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If you haven’t heard of Kratom don’t feel like you’re out of the loop. In fact, you’re not that far behind the U.S. Food and Drug Administration (FDA). The agency only issued an alert on the Kratom plant, known as Mitragyna speciosa, a member of the coffee family that’s native to parts of Southeast Asia, in February 2014. Advocates of kratom, however, are claiming that these are scare tactics similar to that of the 1930’s film Reefer Madness.
Because of its psychoactive properties, kratom is illegal in some countries. Thailand outlawed the plant 70 years ago, though its legal status is now under review due to the plant’s ability to wean users off of stronger drugs, like heroin, cocaine and methamphetamines with fewer withdrawal symptoms.
Under federal guidelines, kratom is legal as a dietary supplement in the United States. In the FDA alert the agency makes it clear that the plant is considered a new dietary ingredient and that shipments of it can be seized if marketed as anything else.
Kratom Side Effects and Health Impact
- Respiratory depression
- Loss of libido
- Skin hyperpigmentation
- Nausea, vomiting
- Severe withdrawal signs and symptoms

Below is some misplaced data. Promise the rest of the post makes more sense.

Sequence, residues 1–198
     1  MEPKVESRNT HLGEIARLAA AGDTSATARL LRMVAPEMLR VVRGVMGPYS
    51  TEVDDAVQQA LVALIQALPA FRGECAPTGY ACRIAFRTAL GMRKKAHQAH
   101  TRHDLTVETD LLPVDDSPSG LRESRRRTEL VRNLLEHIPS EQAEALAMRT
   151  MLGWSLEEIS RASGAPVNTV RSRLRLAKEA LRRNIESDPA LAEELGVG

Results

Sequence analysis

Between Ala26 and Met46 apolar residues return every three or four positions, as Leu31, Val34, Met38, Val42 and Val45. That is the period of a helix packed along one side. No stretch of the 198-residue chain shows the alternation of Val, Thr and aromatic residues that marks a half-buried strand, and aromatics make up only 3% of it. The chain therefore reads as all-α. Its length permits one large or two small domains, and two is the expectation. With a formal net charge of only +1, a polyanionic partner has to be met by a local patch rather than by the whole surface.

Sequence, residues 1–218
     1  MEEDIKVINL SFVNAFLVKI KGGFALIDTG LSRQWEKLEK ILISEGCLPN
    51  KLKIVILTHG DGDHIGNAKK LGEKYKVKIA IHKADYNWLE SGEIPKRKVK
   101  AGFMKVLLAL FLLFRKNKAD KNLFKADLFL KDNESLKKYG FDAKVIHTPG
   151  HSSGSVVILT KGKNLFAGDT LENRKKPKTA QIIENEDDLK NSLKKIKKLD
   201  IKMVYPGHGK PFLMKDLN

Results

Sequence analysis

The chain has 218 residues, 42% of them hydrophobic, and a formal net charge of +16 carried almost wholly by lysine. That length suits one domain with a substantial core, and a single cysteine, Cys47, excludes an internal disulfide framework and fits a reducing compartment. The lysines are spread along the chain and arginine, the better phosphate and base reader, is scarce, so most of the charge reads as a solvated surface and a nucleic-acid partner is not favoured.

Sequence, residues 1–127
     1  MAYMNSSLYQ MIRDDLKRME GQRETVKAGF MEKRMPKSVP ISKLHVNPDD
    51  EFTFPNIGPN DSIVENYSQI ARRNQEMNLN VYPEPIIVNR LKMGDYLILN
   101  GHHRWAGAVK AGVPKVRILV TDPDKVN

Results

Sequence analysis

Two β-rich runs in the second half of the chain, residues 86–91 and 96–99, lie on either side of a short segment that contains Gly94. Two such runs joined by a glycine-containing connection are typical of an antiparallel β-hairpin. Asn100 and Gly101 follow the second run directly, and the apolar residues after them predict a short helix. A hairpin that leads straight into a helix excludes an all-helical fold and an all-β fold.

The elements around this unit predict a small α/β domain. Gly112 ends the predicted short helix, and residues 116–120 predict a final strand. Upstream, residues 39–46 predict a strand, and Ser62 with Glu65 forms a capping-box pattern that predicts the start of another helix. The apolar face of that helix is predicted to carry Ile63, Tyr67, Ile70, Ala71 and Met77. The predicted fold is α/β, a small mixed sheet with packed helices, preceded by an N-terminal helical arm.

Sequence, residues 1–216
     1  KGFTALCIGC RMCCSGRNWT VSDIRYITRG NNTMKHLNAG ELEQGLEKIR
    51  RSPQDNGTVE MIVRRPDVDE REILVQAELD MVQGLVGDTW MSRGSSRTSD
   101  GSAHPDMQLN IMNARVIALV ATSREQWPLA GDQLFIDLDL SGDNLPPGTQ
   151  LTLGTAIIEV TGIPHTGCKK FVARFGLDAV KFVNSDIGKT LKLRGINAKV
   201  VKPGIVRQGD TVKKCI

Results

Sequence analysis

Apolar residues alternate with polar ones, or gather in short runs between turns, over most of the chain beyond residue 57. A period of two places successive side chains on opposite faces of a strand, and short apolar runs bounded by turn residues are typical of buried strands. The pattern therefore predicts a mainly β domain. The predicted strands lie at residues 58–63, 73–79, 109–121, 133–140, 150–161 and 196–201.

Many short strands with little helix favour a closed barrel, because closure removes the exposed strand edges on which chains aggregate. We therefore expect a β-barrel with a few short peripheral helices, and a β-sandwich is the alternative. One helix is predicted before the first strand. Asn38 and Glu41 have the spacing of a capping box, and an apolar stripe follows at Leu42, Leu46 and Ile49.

The leaves of the kratom plant can be chewed, brewed for tea, ground down for smoking or snorting and even injected. At low doses, kratom acts as a stimulant. Thai laborers historically chewed the leaves to increase their productivity. Modern users have likened it to drinking several cups of strong coffee.
In higher doses, kratom has an opiate like effect because it does, in fact, bond to opiate receptors in the brain. Agencies like the FDA and the Drug Enforcement Administration (DEA), which categorizes kratom as a “drug of concern,” point to this data as likelihood that users will become addicted. While there’s been little research on kratom, it appears that regular use will create a tolerance. This means users will have to take more of the drug to achieve the original high.
Professor at the University of Massachusetts Medical School, Edward Boyer, has done several interviews about kratom and he received a grant from the National Institute of Health (NIH) to study the drug. “It has opioid activity like any other opioid, and to suggest that it doesn’t have any abuse liability would be scientifically incorrect,” he said in an interview.
Boyer also pointed out that kratom blunts the process of opium withdrawal extremely well, along with binding to serotonin receptors. “So if you want to treat depression, if you want to treat opioid pain, if you want to treat sleepiness, this [compound] really puts it all together,” he told a reporter at the Scientific American.
Extremely vocal online communities of kratom advocates are opposing agencies like the DEA and the FDA. Groups like the American Kratom Association claim that it’s a relatively safe and natural drug that’s been used for centuries. They add that the painkilling properties of kratom are particularly beneficial for long-term conditions like multiple sclerosis and fibromyalgia.
For the moment kratom remains legal across much of the U.S., though a few states have banned it. Anyone considering taking the drug, however, should be cautious. Some batches have been found laced with oxycodone and other opiates to enhance the drug’s effects.